Breastfeeding is a co-occupation that supports the life-course health of both infants and mothers, and occupational engagement in breastfeeding is often defined by exclusivity and duration. Public health, medicine, and advocacy groups recommend exclusive breastfeeding of infants to at least 6 months of age (AAP, 2005; USDHHS, 2011). Most women in the United States do not meet this recommendation, often due to barriers from contextual factors. Many of these factors supporting or hindering breastfeeding are identified, but their influence on breastfeeding duration and exclusive breastfeeding is less understood (Li et al., 2008). This study uses the life-course perspective of health to examine relationships among breastfeeding duration and exclusive breastfeeding and various contextual factors of maternal employment, child care setting, and maternal health status (USDHHS, 2010). Results may inform health policy decisions related to the broader occupation of mothering. Study data were obtained from the longitudinal Infant Feeding Practices Study II (IFPS II) conducted by the FDA and CDC from 2005-2007. IFPS II surveyed a national sample of more than 4,900 mothers prenatally and repeatedly until their children were 12 months old (Fein et al., 2008). Bivariate and multivariate methods were used to measure association between the dependent variables breastfeeding duration and exclusive breastfeeding with personal contextual factors and contextual factors of maternal employment and child care setting. Duration of breastfeeding varied within the sample based on employment, childcare, and depression risk. The interaction of contextual factors also influences occupational engagement in breastfeeding. Recognizing and understanding those contextual factors that may influence duration and exclusivity of breastfeeding can assist in developing informed policies and practices likely to achieve the full health benefit of breastfeeding for mothers, infants, and society.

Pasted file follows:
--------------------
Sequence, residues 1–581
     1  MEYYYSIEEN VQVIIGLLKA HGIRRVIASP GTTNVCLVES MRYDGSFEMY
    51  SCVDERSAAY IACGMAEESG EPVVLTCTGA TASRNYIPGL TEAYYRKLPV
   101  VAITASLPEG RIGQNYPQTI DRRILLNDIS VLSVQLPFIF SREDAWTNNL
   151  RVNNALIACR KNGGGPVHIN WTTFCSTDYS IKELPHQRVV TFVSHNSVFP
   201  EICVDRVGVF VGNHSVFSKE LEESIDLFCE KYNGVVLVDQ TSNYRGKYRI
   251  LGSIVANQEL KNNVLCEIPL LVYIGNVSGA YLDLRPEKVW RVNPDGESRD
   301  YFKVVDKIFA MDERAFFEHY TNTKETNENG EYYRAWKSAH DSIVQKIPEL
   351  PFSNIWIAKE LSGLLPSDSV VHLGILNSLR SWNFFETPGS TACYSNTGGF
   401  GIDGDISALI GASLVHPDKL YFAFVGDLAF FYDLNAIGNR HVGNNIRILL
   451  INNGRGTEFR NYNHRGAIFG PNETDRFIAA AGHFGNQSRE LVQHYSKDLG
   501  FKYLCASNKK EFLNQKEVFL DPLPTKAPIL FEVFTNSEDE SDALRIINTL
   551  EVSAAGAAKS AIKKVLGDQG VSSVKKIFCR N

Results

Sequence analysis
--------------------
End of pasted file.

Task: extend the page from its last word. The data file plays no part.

Objectives:

  1. Describe the application of the life-course perspective of health to the co-occupation of breastfeeding
  2. Discuss the relationships between breastfeeding duration and contextual factors of employment, child care, and health status
  3. Identify those contextual factors of employment and child care that present barriers to occupational engagement in breastfeeding
  4. Develop policy that supports engagement in the co-occupation of breastfeeding